6

I have a few nested divs:

<div id="wrapper">
  <div id="header">
    <!-- a bunch of float divs here -->
  </div>

  <div id="body">
    <div id="content">
      <!-- a bunch of html controls here -->
    </div>
  </div>
</div>
  • wrapper style: width: 780px; margin: 20px auto; border: solid black 5px;
  • header style: position: relative; min-height: 125px;
  • body style: position: relative;
  • content style: position: absolute; left: 50px; top: 0px;

I have a bunch of html elements in the content div and for some reason the body div and the wrapper div are collapsing around the header and the content div hangs out on its own if I don't set a fixed height for the body div. The only float elements I have are in the header.

EDIT:

If I remove the content div (and drop the html elements directly in body) the body div stops collapsing! Trying to understand why - guess it's due to the position: absolute of the content div.

Any clue why this is happening and how to solve?

I had a look at this question but It doesn't seem to work for me (or maybe I am clearing inthe wrong place...).

2
  • You need to supply a barebones css that you're using.
    – cletus
    Mar 2, 2009 at 0:24
  • you're right - done! :-)
    – JohnIdol
    Mar 2, 2009 at 0:38

8 Answers 8

2

You don't really need to use absolute or relative positioning in this case.

The following achieves what you need with a minimal amount of css wrangling.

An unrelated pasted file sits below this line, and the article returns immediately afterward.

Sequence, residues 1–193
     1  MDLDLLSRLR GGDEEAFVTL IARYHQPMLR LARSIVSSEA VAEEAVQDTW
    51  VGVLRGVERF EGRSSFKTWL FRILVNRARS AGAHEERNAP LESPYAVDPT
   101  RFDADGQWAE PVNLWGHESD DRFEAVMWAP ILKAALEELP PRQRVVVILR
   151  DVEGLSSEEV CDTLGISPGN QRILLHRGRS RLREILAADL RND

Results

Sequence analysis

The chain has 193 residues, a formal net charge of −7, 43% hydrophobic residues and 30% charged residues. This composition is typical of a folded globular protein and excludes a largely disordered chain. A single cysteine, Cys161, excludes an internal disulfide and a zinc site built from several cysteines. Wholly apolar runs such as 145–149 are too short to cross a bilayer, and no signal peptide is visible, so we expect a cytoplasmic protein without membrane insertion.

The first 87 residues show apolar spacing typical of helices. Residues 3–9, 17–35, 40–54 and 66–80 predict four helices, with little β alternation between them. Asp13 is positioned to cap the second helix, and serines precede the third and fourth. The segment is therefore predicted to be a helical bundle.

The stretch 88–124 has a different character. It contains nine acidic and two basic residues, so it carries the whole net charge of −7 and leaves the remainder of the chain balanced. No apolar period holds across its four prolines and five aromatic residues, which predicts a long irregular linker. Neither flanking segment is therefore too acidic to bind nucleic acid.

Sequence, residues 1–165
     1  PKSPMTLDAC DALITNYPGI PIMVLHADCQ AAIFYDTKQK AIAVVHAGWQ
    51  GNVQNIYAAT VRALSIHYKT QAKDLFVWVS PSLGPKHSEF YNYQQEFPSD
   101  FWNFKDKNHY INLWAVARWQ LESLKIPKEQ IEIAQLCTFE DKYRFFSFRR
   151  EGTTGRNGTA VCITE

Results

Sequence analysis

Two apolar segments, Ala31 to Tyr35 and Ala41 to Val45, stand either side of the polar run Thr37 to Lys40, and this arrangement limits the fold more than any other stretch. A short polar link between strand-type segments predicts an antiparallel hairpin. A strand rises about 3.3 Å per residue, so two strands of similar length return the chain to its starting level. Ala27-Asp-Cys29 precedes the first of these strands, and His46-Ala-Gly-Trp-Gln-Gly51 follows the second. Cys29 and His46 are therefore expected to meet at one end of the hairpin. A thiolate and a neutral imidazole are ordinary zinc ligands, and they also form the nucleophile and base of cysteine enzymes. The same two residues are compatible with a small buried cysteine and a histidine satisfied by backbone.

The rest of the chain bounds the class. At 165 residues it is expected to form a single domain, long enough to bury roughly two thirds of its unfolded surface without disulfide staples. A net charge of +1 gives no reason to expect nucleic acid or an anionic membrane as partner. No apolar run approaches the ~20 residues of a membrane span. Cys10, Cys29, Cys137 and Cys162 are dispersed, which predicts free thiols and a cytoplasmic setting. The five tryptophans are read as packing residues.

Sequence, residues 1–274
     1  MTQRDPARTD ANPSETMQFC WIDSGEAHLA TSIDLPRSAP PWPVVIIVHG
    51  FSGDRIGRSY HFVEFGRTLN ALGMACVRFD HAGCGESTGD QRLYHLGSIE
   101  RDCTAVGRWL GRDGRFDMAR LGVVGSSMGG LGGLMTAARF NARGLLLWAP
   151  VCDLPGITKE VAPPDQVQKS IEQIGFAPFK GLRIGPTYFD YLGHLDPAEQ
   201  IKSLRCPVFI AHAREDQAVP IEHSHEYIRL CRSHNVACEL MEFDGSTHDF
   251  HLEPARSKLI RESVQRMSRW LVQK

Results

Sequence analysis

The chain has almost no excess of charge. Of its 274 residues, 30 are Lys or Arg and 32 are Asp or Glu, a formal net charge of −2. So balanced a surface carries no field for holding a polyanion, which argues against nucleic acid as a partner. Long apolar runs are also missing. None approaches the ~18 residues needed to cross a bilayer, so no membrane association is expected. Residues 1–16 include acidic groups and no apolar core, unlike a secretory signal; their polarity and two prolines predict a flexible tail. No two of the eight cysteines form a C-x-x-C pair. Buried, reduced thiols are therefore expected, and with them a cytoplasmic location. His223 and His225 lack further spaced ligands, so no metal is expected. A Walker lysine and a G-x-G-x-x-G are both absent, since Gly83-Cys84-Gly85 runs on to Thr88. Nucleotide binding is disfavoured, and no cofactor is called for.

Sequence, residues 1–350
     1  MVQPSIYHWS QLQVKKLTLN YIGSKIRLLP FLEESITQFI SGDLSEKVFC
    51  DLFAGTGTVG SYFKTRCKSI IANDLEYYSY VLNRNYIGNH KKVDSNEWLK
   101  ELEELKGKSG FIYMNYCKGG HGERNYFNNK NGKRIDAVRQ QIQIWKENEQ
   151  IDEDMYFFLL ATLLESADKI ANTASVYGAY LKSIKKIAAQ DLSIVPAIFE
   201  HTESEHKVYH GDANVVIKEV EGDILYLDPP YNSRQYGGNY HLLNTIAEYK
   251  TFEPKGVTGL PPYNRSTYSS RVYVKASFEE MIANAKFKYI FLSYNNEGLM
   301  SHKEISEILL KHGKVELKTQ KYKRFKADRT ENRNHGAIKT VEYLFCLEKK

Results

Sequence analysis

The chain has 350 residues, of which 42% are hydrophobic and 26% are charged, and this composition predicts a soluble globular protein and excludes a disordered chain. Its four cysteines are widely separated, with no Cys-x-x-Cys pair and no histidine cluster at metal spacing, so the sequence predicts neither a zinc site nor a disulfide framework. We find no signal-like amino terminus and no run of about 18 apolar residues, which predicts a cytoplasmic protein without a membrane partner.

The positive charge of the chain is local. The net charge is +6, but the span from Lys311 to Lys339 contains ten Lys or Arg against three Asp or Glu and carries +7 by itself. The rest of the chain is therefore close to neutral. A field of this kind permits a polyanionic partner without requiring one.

Colours becuase I like colour, and so should you!

<!DOCTYPE html PUBLIC "-//W3C//DTD XHTML 1.0 Strict//EN"
    "http://www.w3.org/TR/xhtml1/DTD/xhtml1-strict.dtd">
<html>
    <head>
        <meta http-equiv="Content-type" content="text/html; charset=utf-8" />
        <title>Page Title</title>
        <style type="text/css" media="screen">
    #wrapper { 
        width: 780px; 
        margin: 20px auto; 
        border: solid black 5px;

    }
    #header { 
        min-height: 125px; 
        overflow:hidden;

    }
    #body { 
        background-color:red; 

    }
    #content { 
        margin-left: 50px;
        margin-top: 0px;
        background-color:pink; 

     }
.floatie { float:left; width:40px; height :40px; 
    margin:5px; background-color:#fe0;}

        </style>


    </head>
    <body>



        <div id="wrapper">
          <div id="header">
                <div class="floatie"></div>
                <div class="floatie"></div>
                <div class="floatie"></div>
                <div class="floatie"></div>
                <div class="floatie"></div>
                <div class="floatie"></div>
                <div class="floatie"></div>
          </div>

          <div id="body">
            <div id="content">

                <p>Lorem ipsum dolor sit amet, consectetur adipisicing elit, 
                    sed do eiusmod tempor incididunt ut labore et dolore 
                    magna aliqua. Ut enim ad minim veniam, quis nostrud 
                    exercitation ullamco laboris nisi ut aliquip ex ea 
                    commodo consequat. Duis aute irure dolor in 
                    reprehenderit in voluptate velit esse cillum dolore eu 
                    fugiat nulla pariatur. Excepteur sint occaecat 
                    cupidatat non proident, sunt in culpa qui officia 
                    deserunt mollit anim id est laborum.</p>
            </div>
          </div>
        </div>

    </body>
</html>
1
  • fixed extraneous form tag! thanks for that... (reusing sample code FTW!)
    – garrow
    Mar 2, 2009 at 12:13
2

Try this. Note: the overflow hidden on the header div solves the need for a clearing div. Note sure why you're using relative+absolute positioning for the content though. That's better handled with margins imho.